A writing dilemma: focus on what lies ahead or what is coming from behind?

When I finally decided to stop trying to write literature and embraced the trifecta genres of science fiction, fantasy and horror, I realized something very important about myself. I’m a bit of an alarmist. It’s not something I’m proud of and I have spent inordinate amounts of energy trying to cover this up in polite company, but there it is. I’m nervous, high strung, a worrier. Not in a loud way, but in a quiet, constant yellow-alert sort of way.

Maybe others who have felt this way in the past have had more justification for saying this than I, but I think we are living in times that make this condition worse. It feels as though we have just gotten down from the trees, and run half-way across the savannah while more-or-less successfully avoiding lions. Now, on the horizon, a huge mother-ship of biological and environmental threats, political disintegration, and technological threats is hovering. Is it just me?  Continue reading


Recap on the World Fantasy Award finalists for best short fiction


The new and vastly nicer World Fantasy Award statuette, created by sculptor and artist Vincent Villafranca.

Puuhhh. That’s me blowing the dust off the blog. Rather than wallow in self incriminations, or even your incriminations, Dear Reader, let’s get to the point. The World Fantasy Awards are just around the corner. Lots of great fiction has been nominated, and we have looked closely at the finalists for best short fiction.

“Das Steingeschöpf”, G.V. Anderson (Strange Horizons 12/12/16). Reviewed here.

“Our Talons Can Crush Galaxies”, Brooke Bolander (Uncanny 11-12/16). Reviewed here.

“Seasons of Glass and Iron”, Amal El-Mohtar (The Starlit Wood). Reviewed here.

“Little Widow”, Maria Dahvana Headley (Nightmare 9/16). Reviewed here.

“The Fall Shall Further the Flight in Me”, Rachael K. Jones (Clockwork Phoenix 5). Reviewed here.

A prosey for September

Because I don’t know how to write poetry, let’s call this a prosey.


It came on us as a chill
A sad bad shiver
In the crest of years between day and night
Most forgot the methods of prevention and called it providence

Feed a fever, starve a cold

But we do remember the heat
Weighing on our eyelids
So the way ahead began to blur and fracture
Hearts shriveled, brains brittled while we pretended it was nothing

Starve a fever, feed a cold?

Pretty shiny anger, blade-sharp hate
We were perfect moths
Our jaws and fingers ached with partisan passions
Mad acts, desperate defenses triggering entire communities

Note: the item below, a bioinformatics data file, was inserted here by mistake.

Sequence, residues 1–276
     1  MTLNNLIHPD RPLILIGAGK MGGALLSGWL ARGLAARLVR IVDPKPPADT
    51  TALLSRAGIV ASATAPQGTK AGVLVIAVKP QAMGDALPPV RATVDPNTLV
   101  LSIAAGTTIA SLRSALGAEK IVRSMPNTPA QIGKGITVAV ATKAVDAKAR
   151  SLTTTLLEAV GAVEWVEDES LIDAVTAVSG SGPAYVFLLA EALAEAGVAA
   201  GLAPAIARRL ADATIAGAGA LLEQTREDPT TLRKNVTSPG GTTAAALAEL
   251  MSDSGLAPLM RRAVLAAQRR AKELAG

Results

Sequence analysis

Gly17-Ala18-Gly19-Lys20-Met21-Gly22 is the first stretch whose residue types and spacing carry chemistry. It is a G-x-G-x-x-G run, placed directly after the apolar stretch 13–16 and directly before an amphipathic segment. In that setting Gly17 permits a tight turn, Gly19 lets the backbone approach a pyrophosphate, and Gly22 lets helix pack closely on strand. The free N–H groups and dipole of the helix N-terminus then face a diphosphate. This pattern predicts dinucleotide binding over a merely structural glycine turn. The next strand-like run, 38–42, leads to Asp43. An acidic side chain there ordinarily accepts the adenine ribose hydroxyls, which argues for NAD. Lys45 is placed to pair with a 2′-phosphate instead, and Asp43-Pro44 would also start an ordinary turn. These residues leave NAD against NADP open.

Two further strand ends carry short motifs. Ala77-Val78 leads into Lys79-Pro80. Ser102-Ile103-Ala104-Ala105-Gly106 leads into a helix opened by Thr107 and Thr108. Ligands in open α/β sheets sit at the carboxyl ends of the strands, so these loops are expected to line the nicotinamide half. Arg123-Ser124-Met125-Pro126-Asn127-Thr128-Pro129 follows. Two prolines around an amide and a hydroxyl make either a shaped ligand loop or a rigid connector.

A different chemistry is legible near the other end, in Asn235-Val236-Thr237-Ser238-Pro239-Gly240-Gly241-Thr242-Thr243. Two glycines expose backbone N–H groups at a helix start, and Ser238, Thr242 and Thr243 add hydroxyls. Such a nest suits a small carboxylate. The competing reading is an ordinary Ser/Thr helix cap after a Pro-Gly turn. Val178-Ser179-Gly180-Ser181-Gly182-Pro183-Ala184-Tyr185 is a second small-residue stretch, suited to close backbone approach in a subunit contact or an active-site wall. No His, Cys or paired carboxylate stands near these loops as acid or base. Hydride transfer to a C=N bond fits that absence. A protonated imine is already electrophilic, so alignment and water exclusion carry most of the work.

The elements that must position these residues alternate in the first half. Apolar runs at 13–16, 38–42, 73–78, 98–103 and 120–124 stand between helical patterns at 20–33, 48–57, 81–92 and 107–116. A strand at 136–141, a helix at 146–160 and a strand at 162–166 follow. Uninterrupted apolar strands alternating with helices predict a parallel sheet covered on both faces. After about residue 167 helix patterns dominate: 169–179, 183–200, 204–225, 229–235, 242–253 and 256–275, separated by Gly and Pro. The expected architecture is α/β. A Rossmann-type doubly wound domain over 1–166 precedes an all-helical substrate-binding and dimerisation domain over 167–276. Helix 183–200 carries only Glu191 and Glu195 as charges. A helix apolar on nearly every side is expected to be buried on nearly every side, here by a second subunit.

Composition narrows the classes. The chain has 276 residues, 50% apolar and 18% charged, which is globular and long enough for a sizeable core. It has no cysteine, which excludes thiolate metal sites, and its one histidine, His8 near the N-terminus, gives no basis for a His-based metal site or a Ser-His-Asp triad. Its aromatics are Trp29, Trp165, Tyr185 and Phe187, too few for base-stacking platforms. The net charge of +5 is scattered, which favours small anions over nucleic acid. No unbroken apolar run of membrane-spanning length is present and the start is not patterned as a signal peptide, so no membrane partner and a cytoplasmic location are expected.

Feed a fever and never grow old

Rattling coughs, blindness and bursting hearts
Foolishly distracted us
All real manifestations, but far from the truth
Every bar lowered, the horror of us remained breaking news

Starve a fever til your teeth grow mold

The infection hid in our hollowed bones
Quiet as a cat
A thousand boring inquiries began
While we burned the world down to prove we lived

Fuck a fever, fuck a cold

If you survived the long-rolling heat
The rot started up
And still the contagion eluded all efforts
To name and contain and promise we would again be sane

Starve everything

Social distancing felt like social media
Only more authentic
No more sharing, no more caring
We husks learned to keep our thoughts to ourselves

Feed nothing

Huddling in the basements of our being
Survival promised nothing
But the quiet gave space to appreciate what we had become
Carriers of the latest mutation, reborn, resilient and waiting

A delightful dive into weird fiction and girl power: “Little Widow” by Maria Dahvana Headley / Una deliciosa inmersión en la weird fiction y la fuerza femenina: “Little Widow” de Maria Dahvana Headley

Note: this is the third review of the World Fantasy Award nominees for short fiction. You can see the list of nominees here and scroll down to find the earlier reviews.

18DINO-master768Little Widow” by Maria Dahvana Headley is a treat from the school of weird fiction. In addition to Nightmare Magazine, the story also appears in the anthology, What the #@&% Is That?, edited by John Joseph Adams and Douglas Cohen, from Saga Press.

Readers are introduced to the story through the eyes of the youngest wife of a religious zealot who’s just organized a mass suicide that he conveniently misses. Not so different from the world we inhabit? Well…it gets a little more bizarre before the end, yet the main characters’ emotional terrain is spot on.

The recently re-named Natalie and her sister wives Reese and Scarlett have been taken in by a couple for no better reason than the availability of spare bedrooms. Their adoptive parents have no real positive qualities noted except for the fact that they don’t ask the girls to go to church, and that’s good enough for the sister wives. The girls are perfectly aware of the oddity of their cult upbringing. On the outside and alone after the deaths of their mothers, it seems at first that their training as “Heaven’s Avengers” is not going to serve them well. Continue reading